COVID-19 spending reaches £6.5bn in Scotland
The Scottish Government’s Autumn Budget Revision (ABR) for 2020-21 has brought the total amount committed to dealing with the coronavirus pandemic to more than £6.5 billion.
Yesterday, the government announced that it has allocated a further £2.5bn in response to COVID-19.
The revision includes a £1.8bn allocation for health and social care, an extra £190 million for business and the arts and a £119m increase for education. They are funded by £2.38bn of COVID-19 consequentials generated by UK Government spending, £142m of Scottish Government savings and the reprioritisation of existing budgets, plus £30m from reserves.
Publishing the ABR yesterday, finance secretary Kate Forbes warned that significant budget challenges lie ahead.
Ms Forbes said: “Every penny of the COVID-19 consequentials guaranteed by the UK Government is being allocated against existing commitments, but our funding requirements continue to far exceed the money we have received to date.
“The upturn in COVID-19 cases means demand for assistance will inevitably increase, yet the Scottish Government is severely limited in its response due to the financial constraints of devolution.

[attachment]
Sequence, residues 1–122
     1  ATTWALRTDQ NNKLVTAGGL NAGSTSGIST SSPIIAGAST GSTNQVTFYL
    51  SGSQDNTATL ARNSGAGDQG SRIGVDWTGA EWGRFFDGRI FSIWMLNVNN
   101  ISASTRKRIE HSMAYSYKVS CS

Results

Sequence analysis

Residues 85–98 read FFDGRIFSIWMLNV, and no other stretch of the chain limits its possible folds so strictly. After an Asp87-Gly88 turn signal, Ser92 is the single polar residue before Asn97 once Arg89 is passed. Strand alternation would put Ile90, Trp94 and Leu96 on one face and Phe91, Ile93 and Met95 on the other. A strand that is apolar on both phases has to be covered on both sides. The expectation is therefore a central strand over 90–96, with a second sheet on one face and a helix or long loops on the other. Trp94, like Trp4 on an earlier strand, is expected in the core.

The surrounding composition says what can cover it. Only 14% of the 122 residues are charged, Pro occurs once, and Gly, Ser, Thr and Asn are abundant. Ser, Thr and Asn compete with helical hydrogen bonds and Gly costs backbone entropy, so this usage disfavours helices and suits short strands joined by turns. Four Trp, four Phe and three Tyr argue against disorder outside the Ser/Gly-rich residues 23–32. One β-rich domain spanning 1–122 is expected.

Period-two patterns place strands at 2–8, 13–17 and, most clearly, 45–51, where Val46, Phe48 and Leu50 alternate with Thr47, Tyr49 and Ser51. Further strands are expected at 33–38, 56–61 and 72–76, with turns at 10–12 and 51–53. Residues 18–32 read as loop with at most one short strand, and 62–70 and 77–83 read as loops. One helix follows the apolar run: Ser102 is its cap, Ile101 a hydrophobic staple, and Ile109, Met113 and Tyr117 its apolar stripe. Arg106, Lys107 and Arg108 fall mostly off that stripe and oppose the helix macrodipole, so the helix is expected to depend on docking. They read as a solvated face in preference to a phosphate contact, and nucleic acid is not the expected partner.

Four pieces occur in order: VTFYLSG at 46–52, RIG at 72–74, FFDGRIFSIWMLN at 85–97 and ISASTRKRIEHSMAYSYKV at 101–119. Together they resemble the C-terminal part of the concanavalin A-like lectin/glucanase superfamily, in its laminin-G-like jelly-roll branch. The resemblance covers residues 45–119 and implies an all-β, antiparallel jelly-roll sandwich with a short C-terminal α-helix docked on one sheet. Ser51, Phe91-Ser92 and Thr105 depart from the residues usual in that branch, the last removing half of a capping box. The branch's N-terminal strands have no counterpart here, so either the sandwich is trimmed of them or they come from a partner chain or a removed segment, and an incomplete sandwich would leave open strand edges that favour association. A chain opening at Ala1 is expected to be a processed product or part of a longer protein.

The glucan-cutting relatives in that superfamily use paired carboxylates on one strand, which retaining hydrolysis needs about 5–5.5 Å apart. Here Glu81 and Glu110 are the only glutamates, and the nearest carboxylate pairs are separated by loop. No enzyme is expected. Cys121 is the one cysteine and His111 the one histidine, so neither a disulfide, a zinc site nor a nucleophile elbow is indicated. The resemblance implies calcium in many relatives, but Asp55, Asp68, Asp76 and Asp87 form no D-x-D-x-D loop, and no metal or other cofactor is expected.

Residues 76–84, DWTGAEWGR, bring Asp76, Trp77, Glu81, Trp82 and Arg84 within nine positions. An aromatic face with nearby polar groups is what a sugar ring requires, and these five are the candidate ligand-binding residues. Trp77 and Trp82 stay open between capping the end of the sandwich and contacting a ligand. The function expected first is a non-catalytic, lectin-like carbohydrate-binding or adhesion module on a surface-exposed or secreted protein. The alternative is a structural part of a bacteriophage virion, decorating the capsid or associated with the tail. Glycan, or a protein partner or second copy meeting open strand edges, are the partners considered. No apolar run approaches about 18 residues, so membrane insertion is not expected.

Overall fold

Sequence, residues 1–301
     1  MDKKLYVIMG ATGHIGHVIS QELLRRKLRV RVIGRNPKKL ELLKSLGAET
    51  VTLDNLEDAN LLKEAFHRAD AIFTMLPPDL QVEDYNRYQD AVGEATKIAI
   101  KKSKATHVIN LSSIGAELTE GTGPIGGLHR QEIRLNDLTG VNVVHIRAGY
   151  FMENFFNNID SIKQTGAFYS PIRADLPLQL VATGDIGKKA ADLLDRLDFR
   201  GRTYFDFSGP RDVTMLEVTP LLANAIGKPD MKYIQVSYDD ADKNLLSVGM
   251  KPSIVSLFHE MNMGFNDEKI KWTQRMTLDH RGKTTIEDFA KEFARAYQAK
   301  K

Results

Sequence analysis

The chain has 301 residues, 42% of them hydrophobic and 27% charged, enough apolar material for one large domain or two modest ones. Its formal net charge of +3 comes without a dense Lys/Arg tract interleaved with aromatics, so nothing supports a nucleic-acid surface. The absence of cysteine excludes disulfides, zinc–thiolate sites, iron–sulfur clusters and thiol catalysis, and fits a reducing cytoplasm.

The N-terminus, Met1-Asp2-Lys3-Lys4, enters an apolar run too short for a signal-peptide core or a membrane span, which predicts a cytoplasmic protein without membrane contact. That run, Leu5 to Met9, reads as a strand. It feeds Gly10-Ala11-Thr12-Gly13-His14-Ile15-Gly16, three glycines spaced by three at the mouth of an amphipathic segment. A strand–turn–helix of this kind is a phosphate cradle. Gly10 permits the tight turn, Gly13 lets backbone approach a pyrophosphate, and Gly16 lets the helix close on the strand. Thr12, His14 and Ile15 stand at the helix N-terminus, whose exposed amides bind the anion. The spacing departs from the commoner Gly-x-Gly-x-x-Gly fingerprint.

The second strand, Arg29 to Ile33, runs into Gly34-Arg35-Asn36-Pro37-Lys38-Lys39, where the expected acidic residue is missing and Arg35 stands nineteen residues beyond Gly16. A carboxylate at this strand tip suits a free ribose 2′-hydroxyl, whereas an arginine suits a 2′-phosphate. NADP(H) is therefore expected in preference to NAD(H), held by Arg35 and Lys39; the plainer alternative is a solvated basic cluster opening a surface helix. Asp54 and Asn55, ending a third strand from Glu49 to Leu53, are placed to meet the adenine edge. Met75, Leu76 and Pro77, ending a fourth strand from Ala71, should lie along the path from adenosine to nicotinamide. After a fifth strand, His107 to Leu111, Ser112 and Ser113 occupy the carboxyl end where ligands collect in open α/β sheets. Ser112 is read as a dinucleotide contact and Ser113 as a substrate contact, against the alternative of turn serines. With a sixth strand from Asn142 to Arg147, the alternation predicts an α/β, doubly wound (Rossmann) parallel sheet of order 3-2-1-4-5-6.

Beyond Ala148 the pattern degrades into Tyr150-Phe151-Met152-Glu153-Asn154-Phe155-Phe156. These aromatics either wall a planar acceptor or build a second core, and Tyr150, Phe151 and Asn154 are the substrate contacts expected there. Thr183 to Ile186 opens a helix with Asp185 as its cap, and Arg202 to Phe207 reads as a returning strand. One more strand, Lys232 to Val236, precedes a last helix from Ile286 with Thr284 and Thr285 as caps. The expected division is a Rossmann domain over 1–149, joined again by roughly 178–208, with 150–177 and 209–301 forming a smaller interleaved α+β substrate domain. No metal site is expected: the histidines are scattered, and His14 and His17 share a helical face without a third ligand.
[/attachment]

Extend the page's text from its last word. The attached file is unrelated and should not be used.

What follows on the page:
“We are doing all we can to protect public health, safeguard jobs and public services and to stimulate a sustainable economic recovery. But while other governments are financing their response through borrowing, we cannot do so.”
She added: “In light of the latest situation, I urge the UK Government to think again and grant the modest and temporary financial powers we, and the administrations in Wales and Northern Ireland, are asking for. If it fails to do so, it must increase guaranteed funding to the devolved administrations to enable us to provide a sufficient response to the continuing crisis.
“Instead, the Chancellor has increased uncertainty by delaying the UK Budget. This is completely unacceptable as without the tax policy and other announcements of a UK Budget, the Scottish Budget for 2021-22, on which vital public services depend, would have to be based on provisional figures and be subject to much greater volatility.
“So not only is the UK Government denying us the financial powers needed to fully respond to the pandemic, it has also removed any clarity about how much funding we will receive.”